Because We Like Our Tofu Well Done
But what do you think? A man had two sons, and he came to the first, and said, “Son, go work today in my vineyard.” He answered, “I will not,” but afterward he changed his mind, and went. He came to the second, and said the same thing. He answered, “I go, sir,” but he didn’t go. Which of the two did the will of his father?
It is not difficult to understand why Jewish people desire the overthrow of Nazi Germany. The persecution they suffered in Germany would be sufficient to make bitter enemies of any race. No person with a sense of the dignity of mankind can condone the persecution the Jewish race suffered in Germany. But no person of honesty and vision can look on their pro-war policy here today without seeing the dangers involved in such a policy, both for us and for them.
In On Violence, Hannah Arendt argued that a distinction needs to be made between force and power: “force” refers to acts of nature, which can be mitigated but not controlled; power is a function of relationships. Recent events have caused me to reflect on these definitions and how they relate to our view of human suffering. In the case of natural disasters there is, if not consolation, at least a forced resignation to fate. With mass killing, there is the nagging feeling that if we only tried, it could have been stopped. The death of thousands in an earthquake is tragic; the death of scores by the hands of megalomaniac is something even darker…
I do not support the intervention in Libya. From my admittedly limited vantage point, there is no a sign of a coherent strategy, a worrying sign given the ambiguity inherent in war. Does the fact that calls were made for Qaddafi to step down then mean that we are explicitly on the side of the rebels? Who are these rebels? Let us not forget that the line between oppressor and oppressed is easily straddled, as Rwanda and Kosovo have revealed.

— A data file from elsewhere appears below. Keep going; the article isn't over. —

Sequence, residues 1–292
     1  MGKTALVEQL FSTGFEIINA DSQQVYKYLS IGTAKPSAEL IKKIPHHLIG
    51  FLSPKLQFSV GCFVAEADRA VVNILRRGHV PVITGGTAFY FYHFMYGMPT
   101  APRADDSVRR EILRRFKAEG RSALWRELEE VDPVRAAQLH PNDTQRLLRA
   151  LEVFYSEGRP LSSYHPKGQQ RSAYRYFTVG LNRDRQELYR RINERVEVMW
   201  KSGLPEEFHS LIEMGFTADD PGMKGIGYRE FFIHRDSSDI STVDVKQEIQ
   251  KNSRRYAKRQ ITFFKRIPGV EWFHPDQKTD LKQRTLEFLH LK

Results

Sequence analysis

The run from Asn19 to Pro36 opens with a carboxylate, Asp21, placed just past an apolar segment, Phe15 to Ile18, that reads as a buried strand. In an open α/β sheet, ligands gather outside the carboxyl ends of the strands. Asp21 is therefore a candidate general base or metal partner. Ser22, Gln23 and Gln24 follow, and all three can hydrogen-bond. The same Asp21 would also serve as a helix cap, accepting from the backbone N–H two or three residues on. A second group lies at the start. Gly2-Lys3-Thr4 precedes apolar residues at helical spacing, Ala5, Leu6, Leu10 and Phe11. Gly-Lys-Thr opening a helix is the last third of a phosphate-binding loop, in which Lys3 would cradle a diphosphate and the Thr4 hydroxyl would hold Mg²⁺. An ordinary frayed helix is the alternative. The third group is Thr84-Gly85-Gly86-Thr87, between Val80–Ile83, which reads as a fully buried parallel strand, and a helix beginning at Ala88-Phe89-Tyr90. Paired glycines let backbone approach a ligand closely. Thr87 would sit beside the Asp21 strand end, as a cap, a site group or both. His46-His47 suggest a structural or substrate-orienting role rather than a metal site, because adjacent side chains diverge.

Despite protestations otherwise, how do we know that intervention would be limited to a no-fly zone? How do we determine when the mission is accomplished? There are all these questions just about the operation. We have not even addressed the fact that the United States is already involved in two other wars, has a growing deficit, is cutting public services throughout the states and just gave massive tax cuts to the richest members of society.
(I should also add that my hesitancy to get involved in the affairs of other countries also explains my ambivalence about the United States taking a public position on the other Arab uprisings earlier this year, regardless of whether the country involved was an American ally.)
To be sure, there is an alluring purity which comes from being a fervent advocate of non-interventionism; the best way to stay safe is to abstain. War, even on the rare occasion it may be justified, is always evil.
But claiming to be concerned about the possibility of genocide while opposed to doing anything substantive about it reveals a certain kind of apathy which could easily be construed as amorality, or more capriciously as immorality. Once personal concern has no effect on the positions taken in the public sphere, it is irrelevant. Barry Goldwater’s opposition to the Civil Rights Act was more important than the fact that he wasn’t personally racist; Mario Cuomo’s support for reproductive rights was more important than his personal adherence to the Catholic Church’s teachings.
There is a line of thinking claiming that any action which involves self-interest is tainted and that the United States acts primarily in its own self-interest. Certainly, it is impossible to eliminate self-interest from the actions of states. However, it is disingenuous to pretend that the United States is at all unique in this regard—I reject American exceptionalism in all forms—just as it disingenuous to assume that a non-interventionist position is an inherently noble one, even though I consider it eminently preferable.